Last week, Ched Evans rape conviction was overturned and he was found not guilty of rape. In a case of either staggering irony or personal enlightenment he is now calling for education on the issues of alcohol and consent and has given the advice, “When they are drunk, think twice about it.”
“I read somewhere you would have to get signed consent. That wouldn’t be realistic but someone needs to come up with something. The best thing is just to be educated. And when they are [too] drunk to think twice about it. How would it look in a court of law?”
It is progress of a kind that this conversation is beginning to take place, but it reads like ‘What can I get away with?’ rather than any genuine concern or respect for the woman in question, or even any true understanding of what he has done. If you’re considering how your actions would look in a court of law, well, then it’s probably not the right thing to do is it?
As cases of sexual assault and rapes on university campuses continue to make the news, it is becoming increasingly common for universities to run classes or workshops to discuss the concept of consent. For many reasons, this is to be welcomed – it’s important to have these kind of conversations when so many people don’t seem to realise what it means to give or ask for consent. The reaction of some to the acquittal of Ched Evans demonstrates this. It is still seen as a grey area – is it rape if she’s too drunk to consent? Yes, sex without consent is rape – but why is this the question?
Below is the text taken from a poster promoting consent classes at a local university, organised by the student body.
“What is consent when there is no law on consent?” How many drinks can you take and still legally consent? Can you legally consent if you’re high? In Ireland there is no answer in law to these questions. So these workshops aren’t about telling people what to think, they’re about asking the questions that don’t have yet have an answer in law but really need one”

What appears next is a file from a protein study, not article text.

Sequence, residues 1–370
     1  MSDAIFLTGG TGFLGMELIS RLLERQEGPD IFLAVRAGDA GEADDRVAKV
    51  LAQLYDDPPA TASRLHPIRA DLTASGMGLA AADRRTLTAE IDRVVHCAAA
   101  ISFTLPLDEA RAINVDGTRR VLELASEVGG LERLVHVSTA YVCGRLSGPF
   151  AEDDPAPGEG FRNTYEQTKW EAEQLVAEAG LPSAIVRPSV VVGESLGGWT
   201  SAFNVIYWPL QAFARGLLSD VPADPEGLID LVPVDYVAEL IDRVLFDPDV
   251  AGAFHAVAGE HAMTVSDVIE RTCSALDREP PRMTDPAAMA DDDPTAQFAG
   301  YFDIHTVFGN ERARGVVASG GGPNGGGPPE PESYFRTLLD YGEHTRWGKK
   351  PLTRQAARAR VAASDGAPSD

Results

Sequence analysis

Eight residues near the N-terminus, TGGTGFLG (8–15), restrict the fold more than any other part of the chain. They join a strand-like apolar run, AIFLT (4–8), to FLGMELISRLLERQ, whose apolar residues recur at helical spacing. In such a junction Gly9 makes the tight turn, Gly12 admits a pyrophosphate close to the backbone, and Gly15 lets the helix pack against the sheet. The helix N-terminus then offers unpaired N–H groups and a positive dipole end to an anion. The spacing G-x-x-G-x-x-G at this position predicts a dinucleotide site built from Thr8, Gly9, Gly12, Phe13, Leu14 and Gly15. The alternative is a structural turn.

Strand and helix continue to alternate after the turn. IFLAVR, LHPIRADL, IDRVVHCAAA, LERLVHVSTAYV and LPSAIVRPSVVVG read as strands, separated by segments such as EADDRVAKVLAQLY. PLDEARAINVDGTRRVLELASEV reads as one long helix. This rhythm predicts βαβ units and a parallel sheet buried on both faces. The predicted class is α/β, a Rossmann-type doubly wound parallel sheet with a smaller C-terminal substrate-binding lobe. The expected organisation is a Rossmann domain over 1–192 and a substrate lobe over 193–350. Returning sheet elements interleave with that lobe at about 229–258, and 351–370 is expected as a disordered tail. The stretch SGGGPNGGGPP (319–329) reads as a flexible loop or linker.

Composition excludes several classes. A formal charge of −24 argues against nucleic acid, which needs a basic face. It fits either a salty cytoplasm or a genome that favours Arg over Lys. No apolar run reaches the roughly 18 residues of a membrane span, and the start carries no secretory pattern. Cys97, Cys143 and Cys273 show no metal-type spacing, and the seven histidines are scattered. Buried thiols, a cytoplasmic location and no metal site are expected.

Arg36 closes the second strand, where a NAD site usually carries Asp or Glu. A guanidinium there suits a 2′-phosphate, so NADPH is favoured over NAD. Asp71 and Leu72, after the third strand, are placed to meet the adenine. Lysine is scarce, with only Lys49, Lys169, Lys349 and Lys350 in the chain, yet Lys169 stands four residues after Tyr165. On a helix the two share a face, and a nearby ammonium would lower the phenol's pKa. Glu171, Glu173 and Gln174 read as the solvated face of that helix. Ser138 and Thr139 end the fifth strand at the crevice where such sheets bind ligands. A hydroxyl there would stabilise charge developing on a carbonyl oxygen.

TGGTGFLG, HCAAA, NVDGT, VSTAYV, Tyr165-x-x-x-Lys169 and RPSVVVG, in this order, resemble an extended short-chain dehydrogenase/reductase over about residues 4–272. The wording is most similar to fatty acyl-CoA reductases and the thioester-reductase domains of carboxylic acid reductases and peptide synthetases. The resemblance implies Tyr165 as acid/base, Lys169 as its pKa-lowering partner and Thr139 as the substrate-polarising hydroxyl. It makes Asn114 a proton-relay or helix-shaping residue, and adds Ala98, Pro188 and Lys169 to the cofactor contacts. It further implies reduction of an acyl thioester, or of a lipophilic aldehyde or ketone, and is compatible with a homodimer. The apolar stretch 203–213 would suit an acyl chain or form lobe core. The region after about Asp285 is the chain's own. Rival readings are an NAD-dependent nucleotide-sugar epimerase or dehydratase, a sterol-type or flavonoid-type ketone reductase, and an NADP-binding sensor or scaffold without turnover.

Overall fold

I understand that these questions come from a place of good intentions but I do find them somewhat unsettling. Why are we trying to figure out how drunk a person can be before we can’t have sex with them? If they can’t say yes or no, don’t do it. If someone says, no the first time, leave it at that. How about we only have sex with people who seem to want to really have sex with us too?
This is not just about legalities, but morality. What Ched Evans did was deemed to be legal, but you can’t tell me it was morally acceptable. Rather than focusing on alcohol limits we should be focusing on promoting relationships of mutual respect. The conversation needs to move beyond consent, and start earlier than college lecture halls. We need to start with our small children – rub away at the perceived differences between them, so boys don’t see girls as ‘other’. Look at Ched Evans, look at Donald Trump, look at the everyday misogyny on Twitter – this is not just about consent.
In conversation with Woman’s Hour last week the writer Chimamanda Ngozi Adichie talked about raising feminist children. What that means is raising children to believe that men and women are equal – because like it or not, that’s what feminism means. We need to stop teaching girls that to be popular is the key prize – Adichie says,
“Your job is not to be likeable. Your job is to be your fullest self.”
In raising feminist boys, we need to stop teaching boys that to be manly means being tough. ” We need to redefine masculinity” for our young boys she says. If he falls, “let him cry.”
We need to value ‘girls’ interests as much as ‘boys’: the barbie doll is as good as the action man, the hockey as good as the football. For children of either sex. But more than this, we need to teach that there is no such thing as girls’ this and boys’ that. They are the same: We are the same. Because if we are the same, then perhaps they won’t be so angry. Perhaps they won’t grow up into young men who see fit to have sex with a vulnerable woman, without talking to her, whilst their friends watch on and take pictures.